https://www.myjoyonline.com/vehicle-asset-dealers-cadeg-kick-against-impending-restriction-on-car-importation/-------https://www.myjoyonline.com/vehicle-asset-dealers-cadeg-kick-against-impending-restriction-on-car-importation/

The Vehicle and Asset Dealers Union of Ghana (VADUG) and the Chamber of Automobile Dealerships Ghana (CADEG) have collectively stated their opposition to the Trade Ministry’s Legislative Instrument on Export and Import Regulations, 2023, seeking to restrict the importation of selected strategic products into Ghana, including motor cars.

When the L.I. is passed, importers of 22 restricted items, including rice, sugar, poultry, diapers, and animal intestines would have to apply for a license from a Ministerial Committee, before plying their trade.

The L.I. has been heavily criticized by the minority in Parliament which has on three occasions prevented the Minister of Trade, Kobina Tahir Hammond from laying the Legislative Instrument (L.I.) in the house.

Aside from the Association of Ghana Industries (AGI), which backed the L.I. as a move to complement Ghana’s industrialization drive and ensure healthy competition between local and foreign products, the Joint Business Consultative Forum, comprising the Ghana Union of Traders Associations (GUTA), Food and Beverages Association of Ghana (FABAG), Importers and Exporters Association of Ghana, Ghana Institute of Freight Forwarders (GIFF), the Chamber of Automobile Dealership Ghana (CADEG), and the Ghana National Chamber of Commerce and Industry (GNCCI), have petitioned parliament against the move, saying it would have detrimental effects on their business operations.

In a joint statement issued on Wednesday, November 29, the Vehicle and Asset Dealers Union of Ghana (VADUG) and the Chamber of Automobile Dealerships Ghana (CADEG), said their “discontent is further heightened by the government's failure to conduct thorough stakeholder consultations them.”

“As representatives of used vehicle importers and dealers, our unions are dismayed by the absence of meaningful discussions, crucial for a comprehensive understanding of the industry's intricacies. Accordingly, our unions, along with our affiliates nationwide, vehemently oppose this proposition. We emphatically disagree with the content of the draft bill and urge all well-meaning Ghanaians, civil society organizations, and members of both the majority and minority in parliament to likewise disapprove and resist its passage.”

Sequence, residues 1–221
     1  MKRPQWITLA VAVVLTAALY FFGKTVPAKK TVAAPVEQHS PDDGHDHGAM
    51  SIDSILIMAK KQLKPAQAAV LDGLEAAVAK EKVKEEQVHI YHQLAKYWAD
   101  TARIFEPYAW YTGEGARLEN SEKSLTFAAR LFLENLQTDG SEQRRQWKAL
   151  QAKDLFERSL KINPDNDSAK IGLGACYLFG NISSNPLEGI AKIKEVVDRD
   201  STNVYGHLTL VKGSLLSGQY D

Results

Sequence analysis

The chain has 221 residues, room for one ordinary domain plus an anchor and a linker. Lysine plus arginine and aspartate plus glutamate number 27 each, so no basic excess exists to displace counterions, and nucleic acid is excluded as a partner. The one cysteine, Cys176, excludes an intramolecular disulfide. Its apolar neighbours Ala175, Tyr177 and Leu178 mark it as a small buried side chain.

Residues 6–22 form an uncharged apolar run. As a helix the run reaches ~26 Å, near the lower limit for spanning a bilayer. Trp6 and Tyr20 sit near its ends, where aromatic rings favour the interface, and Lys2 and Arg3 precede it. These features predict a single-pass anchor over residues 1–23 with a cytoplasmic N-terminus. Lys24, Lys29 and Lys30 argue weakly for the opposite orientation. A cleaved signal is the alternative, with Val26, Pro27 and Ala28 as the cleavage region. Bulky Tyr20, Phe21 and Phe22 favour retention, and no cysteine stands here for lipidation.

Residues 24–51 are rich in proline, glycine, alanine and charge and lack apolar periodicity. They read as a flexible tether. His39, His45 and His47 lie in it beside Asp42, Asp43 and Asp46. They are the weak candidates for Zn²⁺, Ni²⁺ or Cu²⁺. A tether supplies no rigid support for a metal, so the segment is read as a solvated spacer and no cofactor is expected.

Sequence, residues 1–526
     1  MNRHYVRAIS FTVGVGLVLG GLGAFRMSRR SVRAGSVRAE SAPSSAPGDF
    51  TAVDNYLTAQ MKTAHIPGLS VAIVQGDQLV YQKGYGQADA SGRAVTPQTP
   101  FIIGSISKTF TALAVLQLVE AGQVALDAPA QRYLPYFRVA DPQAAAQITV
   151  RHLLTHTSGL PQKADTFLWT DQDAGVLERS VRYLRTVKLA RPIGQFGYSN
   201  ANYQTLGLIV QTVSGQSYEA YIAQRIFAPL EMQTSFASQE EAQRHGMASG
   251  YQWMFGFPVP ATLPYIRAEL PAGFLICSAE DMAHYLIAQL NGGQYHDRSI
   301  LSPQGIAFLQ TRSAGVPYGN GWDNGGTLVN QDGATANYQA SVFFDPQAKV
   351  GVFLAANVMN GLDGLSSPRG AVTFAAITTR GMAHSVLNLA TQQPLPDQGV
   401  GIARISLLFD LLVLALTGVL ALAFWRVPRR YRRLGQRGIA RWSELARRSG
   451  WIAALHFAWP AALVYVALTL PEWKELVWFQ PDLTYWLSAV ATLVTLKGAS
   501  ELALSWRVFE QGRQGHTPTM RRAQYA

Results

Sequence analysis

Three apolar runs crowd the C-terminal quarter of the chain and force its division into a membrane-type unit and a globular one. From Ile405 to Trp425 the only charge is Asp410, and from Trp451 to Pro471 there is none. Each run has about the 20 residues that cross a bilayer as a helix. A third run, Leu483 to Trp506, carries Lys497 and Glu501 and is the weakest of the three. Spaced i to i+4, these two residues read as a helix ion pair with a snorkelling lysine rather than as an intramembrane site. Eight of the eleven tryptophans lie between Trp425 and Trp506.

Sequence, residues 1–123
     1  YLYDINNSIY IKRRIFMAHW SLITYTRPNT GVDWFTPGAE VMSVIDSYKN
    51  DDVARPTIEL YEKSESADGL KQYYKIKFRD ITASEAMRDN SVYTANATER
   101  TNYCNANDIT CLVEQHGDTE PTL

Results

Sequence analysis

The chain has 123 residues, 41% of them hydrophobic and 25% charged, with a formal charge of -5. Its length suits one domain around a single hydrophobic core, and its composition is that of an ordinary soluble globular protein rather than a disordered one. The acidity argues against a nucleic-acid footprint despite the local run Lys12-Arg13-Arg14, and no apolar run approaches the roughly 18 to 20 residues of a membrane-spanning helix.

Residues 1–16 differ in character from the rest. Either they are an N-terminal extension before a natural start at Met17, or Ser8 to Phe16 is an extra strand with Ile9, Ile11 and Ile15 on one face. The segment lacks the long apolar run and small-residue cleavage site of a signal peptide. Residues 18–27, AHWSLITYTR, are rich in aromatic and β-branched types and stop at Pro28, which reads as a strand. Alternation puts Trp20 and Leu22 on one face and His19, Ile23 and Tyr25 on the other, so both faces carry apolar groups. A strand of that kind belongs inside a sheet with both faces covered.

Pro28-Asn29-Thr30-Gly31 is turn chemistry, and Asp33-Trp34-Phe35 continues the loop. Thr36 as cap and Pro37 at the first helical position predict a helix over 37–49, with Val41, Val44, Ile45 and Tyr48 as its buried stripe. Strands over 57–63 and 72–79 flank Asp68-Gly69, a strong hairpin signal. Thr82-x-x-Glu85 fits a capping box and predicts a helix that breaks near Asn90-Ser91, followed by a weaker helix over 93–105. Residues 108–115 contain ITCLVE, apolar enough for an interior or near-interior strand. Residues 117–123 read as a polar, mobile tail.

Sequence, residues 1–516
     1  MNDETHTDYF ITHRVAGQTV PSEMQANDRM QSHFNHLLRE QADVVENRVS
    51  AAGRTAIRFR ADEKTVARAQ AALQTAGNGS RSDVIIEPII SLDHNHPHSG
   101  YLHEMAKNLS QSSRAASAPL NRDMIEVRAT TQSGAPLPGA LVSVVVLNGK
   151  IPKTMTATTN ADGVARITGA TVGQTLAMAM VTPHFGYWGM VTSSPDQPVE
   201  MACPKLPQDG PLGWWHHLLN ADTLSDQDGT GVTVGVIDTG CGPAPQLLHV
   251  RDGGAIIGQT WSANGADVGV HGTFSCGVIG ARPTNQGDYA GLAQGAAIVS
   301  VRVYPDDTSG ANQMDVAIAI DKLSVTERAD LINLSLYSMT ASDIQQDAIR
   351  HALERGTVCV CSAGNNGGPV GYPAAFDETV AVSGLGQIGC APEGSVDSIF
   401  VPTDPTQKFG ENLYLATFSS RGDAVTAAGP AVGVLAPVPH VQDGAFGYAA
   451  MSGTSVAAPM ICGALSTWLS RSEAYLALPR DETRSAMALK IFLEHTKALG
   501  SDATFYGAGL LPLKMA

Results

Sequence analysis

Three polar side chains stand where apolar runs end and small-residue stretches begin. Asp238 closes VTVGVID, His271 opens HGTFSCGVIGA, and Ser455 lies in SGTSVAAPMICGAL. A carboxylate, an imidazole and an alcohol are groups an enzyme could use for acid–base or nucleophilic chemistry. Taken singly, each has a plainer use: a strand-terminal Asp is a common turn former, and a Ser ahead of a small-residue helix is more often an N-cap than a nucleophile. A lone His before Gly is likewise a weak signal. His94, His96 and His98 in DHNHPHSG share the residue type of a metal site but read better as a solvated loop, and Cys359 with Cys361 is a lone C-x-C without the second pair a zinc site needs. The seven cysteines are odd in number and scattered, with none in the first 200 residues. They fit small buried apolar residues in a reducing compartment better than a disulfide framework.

In the statement jointly signed by the President of CADEG, Nana Adu Bonsu Agyekum, who doubles as the CEO of Nabus Motors, the associations said, their primary concern lies in the envisaged licensing process, which, if exclusively administered by the sector minister, is anticipated to be fraught with challenges and procedural intricacies.

“We firmly believe that such a system may inadvertently lead to the creation of a monopoly benefiting only a select few, rather than serving the broader interests of the Ghanaian populace “they noted.

They added that, it is essential for the government to recognize the existing challenges within the automobile industry, particularly in relation to tariffs and percentage tax increments.

At present, the production capacity of motor cars and vehicles by local assemblers falls short of meeting the demand of the Ghanaian populace, exacerbated by the prohibitive costs associated with these vehicles. We acknowledge the indispensable role played by secondhand motor car importers and dealers in addressing this gap and sustaining the nation's mobility needs.”

They thus warned that “any implementation of restrictive measures on the importation of motor cars and vehicles into the country is poised to precipitate a severe unemployment crisis. The extensive network of individuals involved in the industry's value chain would bear the brunt of such a policy shift.

Consequently, we firmly disagree with this proposal and strongly advocate for its immediate withdrawal” they concluded.

In a further interview with MyjoyOnline.com, President of CADEG, Nana Adu Bonsu Agyekum, who doubles as the CEO of Nabus Motors, explained that, “Our opposition is not outright dismissal of the idea of restrictions, but rather a call for a more and well-informed approach.”

He added, “The blanket directive as it stands now lacks clarity, and a comprehensive consideration of the difficulties and dynamics within the automobile industry, so we are advocating for a more detailed and consultative process that will take into account the diverse challenges and contributions of stakeholders in the sector.

We're not against government policy. We want deeper consultation on these very issues that have come up. We want clarity on what constitutes Motor cars under the L.I, so that together we can fashion out a more detailed comprehensive approach in bringing this policy to fruition” he noted.

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DISCLAIMER: The Views, Comments, Opinions, Contributions and Statements made by Readers and Contributors on this platform do not necessarily represent the views or policy of Multimedia Group Limited.



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